Film Review: A Woman, A PartA middling indie.
After decades of prominence in the visual arts, Elisabeth Subrin makes a self-effacingly effective transition to feature films with the clunkily titled A Woman, a Part. Toplining “Sons of Anarchy”and “Mad Men” alumna Maggie Siff as Anna, a well-known fortyish actor (not "actress") stumbling through an existential/professional/midlife crisis, this is competently handled indie fare which is ultimately much more zeitgeisty than distinctive. It's chiefly notable for Cara Seymour's nuanced supporting turn as Anna's sometime best friend, Kate.
The Englishwoman, with her slightly androgynous appeal and woundedly empathetic mien, forms a missing link in a thespian lineage that includes higher-profile U.K. performers such as Charlotte Rampling, Tilda Swinton and Samantha Morton. Despite making considerable impact in Hotel Rwanda, Gangs of New York, Dancer in the Dark and Adaptation, among others, Seymour has somehow never quite attained the household-name status her talents deserve—just the kind of case which Subrin's well-regarded Tumblr blog "Who Cares About Actresses?" spotlights.
A theorist, installationist, video-auteur and cultural commentator of considerable reputation, Subrin achieved her biggest breakthrough in 1997 with conceptual short Shulie, which attracted ecstatic praise from respected cinephile critics. Her visual-art projects through the 2000s/10s also garnered praise for their audacity and innovation—making the conventional, even familiar nature of A Woman, a Part all the more puzzling.
Siff copes well with the tricky role of Anna, for years the lead in a "guilty pleasure" television show whose details are kept carefully vague. Recovering from an auto-immune disease, the 44-year-old is increasingly dependent on prescription drugs—no coincidence that Subrin has her picking up her Rx on Norma Desmond's old haunt, Sunset Blvd. Seemingly without dependents, relations or friends of any real significance, Anna is evidently nearing the end of her tether.
After a heart-to-heart with her long-suffering agent Leslie (Khandi Alexander, flintily sympathethic but sadly underused), Anna impulsively returns to the New York theatre scene where her acting career began some 25 years before. Here, she has unfinished business with old colleagues Kate and Isaac (John Ortiz), who are both dealing with issues of their own. "We're all a mess!" someone exclaims, during a picture which derives its energy from the collision of overlapping neuroses, and whose crux is the convincingly organic, ever-shifting dynamic between Anna and Kate. Isaac has a little less to do, but it's always a delight to see Ortiz flex acting muscles that he doesn't often get to deploy in his more lucrative Hollywood outings (including two Fast and Furious sequels).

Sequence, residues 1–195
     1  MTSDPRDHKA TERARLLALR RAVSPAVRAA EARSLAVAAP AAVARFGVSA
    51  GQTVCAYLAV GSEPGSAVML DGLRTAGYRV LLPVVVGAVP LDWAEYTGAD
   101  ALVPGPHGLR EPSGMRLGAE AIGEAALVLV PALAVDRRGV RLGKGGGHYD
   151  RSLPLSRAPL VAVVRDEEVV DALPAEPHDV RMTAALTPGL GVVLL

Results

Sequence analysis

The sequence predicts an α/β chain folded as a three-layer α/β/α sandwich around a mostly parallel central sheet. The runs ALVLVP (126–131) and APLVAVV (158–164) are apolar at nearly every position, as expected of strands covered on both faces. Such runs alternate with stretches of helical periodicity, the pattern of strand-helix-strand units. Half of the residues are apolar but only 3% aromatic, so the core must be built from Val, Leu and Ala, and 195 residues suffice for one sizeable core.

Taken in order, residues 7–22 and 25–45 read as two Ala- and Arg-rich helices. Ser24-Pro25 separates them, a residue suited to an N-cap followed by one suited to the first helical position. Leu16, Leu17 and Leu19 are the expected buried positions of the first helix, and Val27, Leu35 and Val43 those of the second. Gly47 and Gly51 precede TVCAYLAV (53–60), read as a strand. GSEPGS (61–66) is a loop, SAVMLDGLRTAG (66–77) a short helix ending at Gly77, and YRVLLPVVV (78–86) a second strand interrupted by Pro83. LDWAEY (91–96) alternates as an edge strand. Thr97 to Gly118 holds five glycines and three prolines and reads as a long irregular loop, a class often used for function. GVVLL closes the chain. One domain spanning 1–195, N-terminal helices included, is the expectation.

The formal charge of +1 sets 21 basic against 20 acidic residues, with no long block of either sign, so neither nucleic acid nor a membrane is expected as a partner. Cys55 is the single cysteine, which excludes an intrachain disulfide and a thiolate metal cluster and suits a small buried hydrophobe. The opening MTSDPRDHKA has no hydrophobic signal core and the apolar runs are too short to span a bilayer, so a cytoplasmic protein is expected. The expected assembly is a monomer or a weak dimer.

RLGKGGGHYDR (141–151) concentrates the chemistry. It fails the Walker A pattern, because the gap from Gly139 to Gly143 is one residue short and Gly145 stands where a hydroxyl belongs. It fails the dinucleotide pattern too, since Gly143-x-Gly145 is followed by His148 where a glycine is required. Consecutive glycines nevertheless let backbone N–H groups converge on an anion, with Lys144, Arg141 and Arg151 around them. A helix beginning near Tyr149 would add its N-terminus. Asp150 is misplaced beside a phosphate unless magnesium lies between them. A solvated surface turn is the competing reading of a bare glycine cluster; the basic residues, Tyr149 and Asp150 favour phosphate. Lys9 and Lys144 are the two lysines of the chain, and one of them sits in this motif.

Subrin's tackling of this particular subject is nothing if not timely, coming hard on the heels of Robert Greene's Sundance sensation Kate Plays Christine—itself a companion piece to the writer-director's 2014 Actress. Alongside such higher-budget outings as David Cronenberg'sMaps to the Stars and Olivier Assayas' Clouds of Sils Maria—and the more daringly conceptual Robin Wright Penn vehicle The Congress—Subrin's film forms part of an intriguing sub-wave dealing with female actors as they navigate multiple layers of identity and artifice. Widening the gender scope brings in more knockabout examples such as recent Best Picture Oscar winners The Artist and Birdman, plus another American independent, Mike Ott and Nathan Silver's provocatively edgy Actor Martinez.
The most effective of these projects tend to cleverly blur distinctions between reality and fiction, interweaving text with meta-text in the head-spinning tradition of the 2010 Casey Affleck/Joaquin Phoenix collaboration I'm Still Here and arguably the David Lynch/Laura Dern phantasmagoria INLAND EMPIRE. Siff, familiar to small-screen viewers after 79 “Sons of Anarchy” segments and 15 of “Mad Men,” doesn't bring sufficient "baggage" to the part of Anna for such shenanigans to come into play here, however. And Subrin's stylistic approach is content to operate within established post-mumblecore parameters: Handheld camerawork attempts to breathe vivacity into what are frequently contrived theatrical scenarios; shouty confrontations play out in time-tested shot/reverse-shot fashion.
It doesn't help that Subrin's creations exist in such hermetic bubbles, barely interacting with any kind of wider cultural or political realities: When Anna drives in Los Angeles, her car radio reports news of the European migrant crisis, but this is little more than background buzz. Subrin's screenplay ultimately hinges on that tired trope by which one character's travails are controversially fictionalized by another: Anna is distraught when she learns that blocked writer Isaac's current project draws heavily on her previous Manhattan incarnation. Thankfully, things don't work out in the way we're led to expect, a quietly moving and satisfying finale seeing Seymour's Kate—who, at 50, has already gone through the kind of torments and insecurities besetting Anna—stepping hesitantly from sidelines to center stage.